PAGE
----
Witness the Effortless Speed of the World’s Fastest Shark as It Chases a Speeding Boat

Written by Hannah Crawford
Updated: October 23, 2023
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Getting to watch an animal run, swim, or fly at tremendous speeds is one of the animal kingdom’s greatest joys for us to be able to watch. Every day we come across amazing things animals are able to do, and speed is just one of them. We’ll take a look at some of the fastest animals. First, though, let’s see one in action — the Mako Shark:

Now let’s compare this shark to some famously speedy animals: the bald eagle, the cheetah, and the sailfish.

The Bald Eagle (Haliaeetus leucocephalus)

American bald eagle with wings spread and perched on branch against background of Alaskan Kenai region shoreline along Cook Inlet

Bald eagles are carnivores.

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This incredibly beautiful and majestic bird weighs between 6.6-14 pounds and reaches 28-38 inches long. The bald eagle can fly up to speeds of 100 miles per hour. 

The Cheetah (Acinonyx jubatus)

Tanzania, Ngorongoro Conservation Area, Adult Cheetah (Acinonyx jubatas) begins running while chasing down Wildebeest calf on Ndutu Plains

Cheetahs are carnivores.

©Danita Delimont/Shutterstock.com

This beautifully fur-coated feline weighs approximately 88-140 pounds and reaches up to 45-53 inches long. The amazing land cheetah can run up to 70 miles per hour.

The Sailfish (Istiophorus platypterus)


Sailfish are carnivores.


This sleek-looking fish can weigh between 120-220 pounds and reach lengths of 134 inches and heights of 13-20 inches. The sailfish can swim 70 miles per hour.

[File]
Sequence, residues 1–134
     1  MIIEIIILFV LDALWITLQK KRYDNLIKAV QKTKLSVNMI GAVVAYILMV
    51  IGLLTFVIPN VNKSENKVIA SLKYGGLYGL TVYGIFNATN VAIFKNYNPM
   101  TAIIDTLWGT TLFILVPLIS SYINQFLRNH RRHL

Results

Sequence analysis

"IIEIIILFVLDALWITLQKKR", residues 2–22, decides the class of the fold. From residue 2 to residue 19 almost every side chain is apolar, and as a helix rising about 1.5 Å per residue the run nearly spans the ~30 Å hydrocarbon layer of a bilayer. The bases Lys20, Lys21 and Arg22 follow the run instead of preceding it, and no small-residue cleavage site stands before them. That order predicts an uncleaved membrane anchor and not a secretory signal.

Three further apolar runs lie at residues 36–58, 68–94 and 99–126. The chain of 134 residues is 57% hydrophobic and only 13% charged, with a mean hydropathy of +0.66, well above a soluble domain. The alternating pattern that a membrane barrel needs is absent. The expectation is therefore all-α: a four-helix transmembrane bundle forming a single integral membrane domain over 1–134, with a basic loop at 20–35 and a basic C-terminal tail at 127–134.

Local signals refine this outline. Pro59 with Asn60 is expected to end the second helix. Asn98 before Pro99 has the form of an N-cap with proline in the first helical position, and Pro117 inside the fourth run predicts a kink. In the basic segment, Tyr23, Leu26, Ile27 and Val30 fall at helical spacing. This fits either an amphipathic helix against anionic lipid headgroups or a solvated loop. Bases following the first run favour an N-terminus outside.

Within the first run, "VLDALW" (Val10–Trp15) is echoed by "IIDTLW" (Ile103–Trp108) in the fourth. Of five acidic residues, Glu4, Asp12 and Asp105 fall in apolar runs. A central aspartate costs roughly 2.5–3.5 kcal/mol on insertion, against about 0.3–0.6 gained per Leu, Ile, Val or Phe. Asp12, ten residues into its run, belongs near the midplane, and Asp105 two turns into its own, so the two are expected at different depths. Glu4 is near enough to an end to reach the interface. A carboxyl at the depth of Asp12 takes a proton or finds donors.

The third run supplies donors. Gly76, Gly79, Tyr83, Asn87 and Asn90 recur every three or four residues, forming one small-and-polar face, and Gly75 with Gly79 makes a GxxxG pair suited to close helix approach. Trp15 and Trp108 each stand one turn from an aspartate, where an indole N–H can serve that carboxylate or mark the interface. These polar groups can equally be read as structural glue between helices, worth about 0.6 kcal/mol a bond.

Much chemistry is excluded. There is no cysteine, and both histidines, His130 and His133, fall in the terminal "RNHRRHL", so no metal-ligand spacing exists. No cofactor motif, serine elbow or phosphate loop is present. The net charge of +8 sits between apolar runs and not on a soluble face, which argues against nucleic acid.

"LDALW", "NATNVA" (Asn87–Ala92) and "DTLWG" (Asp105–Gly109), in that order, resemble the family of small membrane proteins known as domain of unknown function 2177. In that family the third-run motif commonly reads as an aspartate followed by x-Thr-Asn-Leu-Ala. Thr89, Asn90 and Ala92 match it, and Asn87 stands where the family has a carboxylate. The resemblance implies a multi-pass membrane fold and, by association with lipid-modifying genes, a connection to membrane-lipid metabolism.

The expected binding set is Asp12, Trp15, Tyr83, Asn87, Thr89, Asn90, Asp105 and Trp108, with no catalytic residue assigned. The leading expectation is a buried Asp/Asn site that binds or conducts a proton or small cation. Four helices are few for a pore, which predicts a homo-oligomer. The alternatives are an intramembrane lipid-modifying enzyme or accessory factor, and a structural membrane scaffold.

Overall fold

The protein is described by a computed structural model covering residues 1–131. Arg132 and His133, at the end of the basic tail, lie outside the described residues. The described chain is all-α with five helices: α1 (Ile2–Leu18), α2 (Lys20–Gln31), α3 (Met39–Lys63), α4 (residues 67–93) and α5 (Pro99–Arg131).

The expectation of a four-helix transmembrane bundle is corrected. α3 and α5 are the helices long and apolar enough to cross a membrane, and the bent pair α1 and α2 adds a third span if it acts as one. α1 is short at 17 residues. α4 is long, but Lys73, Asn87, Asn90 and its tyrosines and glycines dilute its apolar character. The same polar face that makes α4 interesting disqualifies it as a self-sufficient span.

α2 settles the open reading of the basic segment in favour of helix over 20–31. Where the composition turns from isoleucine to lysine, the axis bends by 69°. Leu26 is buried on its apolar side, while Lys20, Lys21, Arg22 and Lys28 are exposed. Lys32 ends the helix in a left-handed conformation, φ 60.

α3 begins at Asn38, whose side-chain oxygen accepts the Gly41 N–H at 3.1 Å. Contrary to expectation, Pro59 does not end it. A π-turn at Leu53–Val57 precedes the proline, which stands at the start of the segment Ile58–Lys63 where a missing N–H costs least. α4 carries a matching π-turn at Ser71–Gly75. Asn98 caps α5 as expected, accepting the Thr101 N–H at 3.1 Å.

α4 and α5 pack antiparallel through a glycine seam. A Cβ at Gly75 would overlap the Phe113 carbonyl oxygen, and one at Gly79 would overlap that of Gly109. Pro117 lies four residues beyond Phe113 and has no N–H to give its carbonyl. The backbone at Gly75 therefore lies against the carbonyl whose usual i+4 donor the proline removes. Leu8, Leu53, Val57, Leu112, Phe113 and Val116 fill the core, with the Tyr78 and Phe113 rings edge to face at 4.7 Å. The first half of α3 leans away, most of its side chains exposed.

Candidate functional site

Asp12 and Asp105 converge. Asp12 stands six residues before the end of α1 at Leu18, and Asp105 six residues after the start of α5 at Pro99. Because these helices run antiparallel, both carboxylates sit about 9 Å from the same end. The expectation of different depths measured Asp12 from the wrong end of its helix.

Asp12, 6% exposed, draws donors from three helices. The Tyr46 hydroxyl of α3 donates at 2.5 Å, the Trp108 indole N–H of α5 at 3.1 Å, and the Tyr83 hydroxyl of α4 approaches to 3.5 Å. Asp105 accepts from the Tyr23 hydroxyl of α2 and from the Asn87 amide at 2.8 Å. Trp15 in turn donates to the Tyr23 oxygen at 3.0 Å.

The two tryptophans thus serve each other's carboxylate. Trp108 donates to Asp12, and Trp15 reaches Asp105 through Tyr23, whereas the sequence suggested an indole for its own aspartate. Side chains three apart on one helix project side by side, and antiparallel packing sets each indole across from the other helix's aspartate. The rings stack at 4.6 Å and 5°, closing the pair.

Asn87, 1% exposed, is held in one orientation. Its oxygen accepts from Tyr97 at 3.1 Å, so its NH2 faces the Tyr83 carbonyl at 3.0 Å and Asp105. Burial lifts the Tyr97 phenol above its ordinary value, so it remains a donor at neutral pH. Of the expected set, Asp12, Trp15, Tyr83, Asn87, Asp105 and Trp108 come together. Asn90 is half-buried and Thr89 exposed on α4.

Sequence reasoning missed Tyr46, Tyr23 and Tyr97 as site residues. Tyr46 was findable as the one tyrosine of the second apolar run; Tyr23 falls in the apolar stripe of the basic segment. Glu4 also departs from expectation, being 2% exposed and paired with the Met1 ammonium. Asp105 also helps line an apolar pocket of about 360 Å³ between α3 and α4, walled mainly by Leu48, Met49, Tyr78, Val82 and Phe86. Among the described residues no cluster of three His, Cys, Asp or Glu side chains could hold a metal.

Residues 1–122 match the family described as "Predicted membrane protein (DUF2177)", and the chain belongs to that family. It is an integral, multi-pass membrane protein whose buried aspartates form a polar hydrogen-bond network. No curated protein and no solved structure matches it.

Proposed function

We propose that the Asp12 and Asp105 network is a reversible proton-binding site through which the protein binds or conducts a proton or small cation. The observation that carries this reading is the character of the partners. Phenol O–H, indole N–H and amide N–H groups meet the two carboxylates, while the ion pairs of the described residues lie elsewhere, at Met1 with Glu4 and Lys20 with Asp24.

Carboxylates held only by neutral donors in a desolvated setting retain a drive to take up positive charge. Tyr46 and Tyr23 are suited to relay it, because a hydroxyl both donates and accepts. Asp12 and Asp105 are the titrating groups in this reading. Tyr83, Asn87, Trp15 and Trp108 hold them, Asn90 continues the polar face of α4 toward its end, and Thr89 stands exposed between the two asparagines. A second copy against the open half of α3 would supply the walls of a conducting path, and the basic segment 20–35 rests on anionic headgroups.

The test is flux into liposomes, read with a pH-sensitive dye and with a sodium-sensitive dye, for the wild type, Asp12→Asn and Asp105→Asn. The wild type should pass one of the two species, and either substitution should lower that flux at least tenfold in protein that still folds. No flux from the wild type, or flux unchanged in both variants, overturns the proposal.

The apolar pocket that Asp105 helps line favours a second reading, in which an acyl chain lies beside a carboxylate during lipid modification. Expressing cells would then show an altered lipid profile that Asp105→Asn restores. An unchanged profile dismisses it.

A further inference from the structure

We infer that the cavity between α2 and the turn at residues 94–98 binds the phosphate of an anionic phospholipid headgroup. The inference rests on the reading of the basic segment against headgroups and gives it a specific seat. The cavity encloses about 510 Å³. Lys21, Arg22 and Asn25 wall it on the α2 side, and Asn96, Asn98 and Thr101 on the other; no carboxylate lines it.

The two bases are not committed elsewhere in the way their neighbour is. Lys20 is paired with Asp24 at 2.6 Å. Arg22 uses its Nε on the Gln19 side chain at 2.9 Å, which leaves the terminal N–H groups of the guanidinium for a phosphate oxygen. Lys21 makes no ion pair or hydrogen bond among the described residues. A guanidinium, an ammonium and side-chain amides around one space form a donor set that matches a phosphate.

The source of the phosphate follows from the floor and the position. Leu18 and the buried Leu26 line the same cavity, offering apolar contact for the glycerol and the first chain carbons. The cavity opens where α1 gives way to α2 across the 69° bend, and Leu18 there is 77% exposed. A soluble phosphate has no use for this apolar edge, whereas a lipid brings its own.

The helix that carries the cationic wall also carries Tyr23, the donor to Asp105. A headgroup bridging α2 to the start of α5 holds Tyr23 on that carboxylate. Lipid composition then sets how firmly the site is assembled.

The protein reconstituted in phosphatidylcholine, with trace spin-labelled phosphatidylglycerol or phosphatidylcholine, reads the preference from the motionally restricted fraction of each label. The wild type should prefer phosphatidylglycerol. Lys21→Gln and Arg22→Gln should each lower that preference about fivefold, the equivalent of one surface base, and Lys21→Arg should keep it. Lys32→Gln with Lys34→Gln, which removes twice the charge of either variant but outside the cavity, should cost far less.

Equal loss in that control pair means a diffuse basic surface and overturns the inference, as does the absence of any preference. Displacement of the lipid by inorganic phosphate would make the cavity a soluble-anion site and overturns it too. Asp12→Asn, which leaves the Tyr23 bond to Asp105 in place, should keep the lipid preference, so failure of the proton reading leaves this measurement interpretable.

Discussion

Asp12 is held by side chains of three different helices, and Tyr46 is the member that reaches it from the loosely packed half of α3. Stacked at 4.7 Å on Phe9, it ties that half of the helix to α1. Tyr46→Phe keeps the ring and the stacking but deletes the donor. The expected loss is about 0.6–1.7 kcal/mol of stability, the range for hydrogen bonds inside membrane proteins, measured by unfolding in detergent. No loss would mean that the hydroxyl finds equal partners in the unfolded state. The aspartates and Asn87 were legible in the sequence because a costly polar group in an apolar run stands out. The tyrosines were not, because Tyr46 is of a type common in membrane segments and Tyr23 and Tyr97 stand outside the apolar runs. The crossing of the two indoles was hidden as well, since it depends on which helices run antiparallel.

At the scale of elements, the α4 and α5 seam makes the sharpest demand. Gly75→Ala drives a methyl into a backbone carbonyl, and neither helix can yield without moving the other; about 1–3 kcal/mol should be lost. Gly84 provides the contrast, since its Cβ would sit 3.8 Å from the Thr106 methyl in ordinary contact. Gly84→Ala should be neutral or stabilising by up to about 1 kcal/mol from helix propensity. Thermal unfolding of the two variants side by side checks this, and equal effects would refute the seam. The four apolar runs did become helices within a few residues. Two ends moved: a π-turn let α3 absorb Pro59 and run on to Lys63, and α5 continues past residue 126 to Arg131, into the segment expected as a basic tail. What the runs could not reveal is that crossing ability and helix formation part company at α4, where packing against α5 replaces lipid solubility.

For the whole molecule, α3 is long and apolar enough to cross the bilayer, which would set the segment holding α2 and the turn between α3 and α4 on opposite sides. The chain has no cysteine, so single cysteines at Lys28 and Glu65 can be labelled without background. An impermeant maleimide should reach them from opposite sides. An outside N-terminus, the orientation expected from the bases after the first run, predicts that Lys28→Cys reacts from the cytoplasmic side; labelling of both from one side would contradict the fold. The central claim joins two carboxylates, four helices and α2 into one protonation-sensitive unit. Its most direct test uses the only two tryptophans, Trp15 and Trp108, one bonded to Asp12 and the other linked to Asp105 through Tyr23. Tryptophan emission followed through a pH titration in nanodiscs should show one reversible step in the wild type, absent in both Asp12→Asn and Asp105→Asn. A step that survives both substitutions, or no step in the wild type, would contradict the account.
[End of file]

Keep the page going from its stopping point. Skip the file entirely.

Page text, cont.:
All of these animals are named top in their territory because of their speed. And we look to them as examples of speed just as we would look at great cars such as Ferraris, Mercedes, and Bugattis. 

In the video captured below, the mako shark is chasing a boat at full speed! This boat is going 50 miles per hour! And we see this fish not only keeping up with this boat but almost catching up to surpass it as well!

Mako Sharks 

A diver swimming with a Shortfin mako shark. These sharks are aggressive predators and should be avoided if possible.

A diver swimming with a Shortfin mako shark. These sharks are aggressive predators and should be avoided if possible.


Did you know there are two different types of mako sharks? There is the shortfin mako shark and the longfin mako shark. As you would imagine, the difference between these two animals is in their fins. 

According to the NOAA Fisheries, “Shortfin mako sharks can be differentiated from longfin mako sharks. Compared to shortfin mako sharks, longfin mako sharks have much longer pectoral fins and larger eyes, a different body shape, and the underside of their snout is darker.”

The shortfin mako shark, Isurus oxyrinchus, is known to reach speeds of 45 miles per hour. And the longfin mako shark, Isurus paucus, is known to reach speeds of 35 miles per hour. 

It is quite amazing to see this team on the boat was able to reach 50 miles per hour and this mako shark able to beat all odds and reach the 50 miles per hour mark!

How Large are Adult Mako Sharks?

A diver swimming with a Shortfin mako shark. These sharks are aggressive predators and should be avoided if possible.

Shortfin mako shark. These sharks are aggressive predators and should be avoided if possible.


The two species of mako sharks, the shortfin and the longfin, are rather slow growers, with males reaching reproductive age at 8 and females at 19. The mako can reach lengths of up to 12 or 13 feet but the average size is closer to 6 and 7 feet and can weigh between 440 and 1,200 pounds. Longfin makos tend to be the larger of the species.

The largest mako ever caught was found in California, weighing an incredible 1,323 pounds and having a length of over 11 feet, although it wasn’t on record. The largest on record belongs to a Massachusetts fisherman who caught a 1,221 mako, that also reached over 11 feet in length.

The photo featured at the top of this post is © wildestanimal/Shutterstock.com

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About the Author

Hannah Crawford is a writer at A-Z Animals where she focuses on reptiles, mammals, and locations in Africa. Hannah has been researching and writing about animals and various countries for over eight years. She holds a Bachelors Degree in Communication\Performance Studies from Pensacola Christian College, which she earned in 2015. Hannah is a resident in Florida, and enjoys theatre, poetry, and growing her fish tank.

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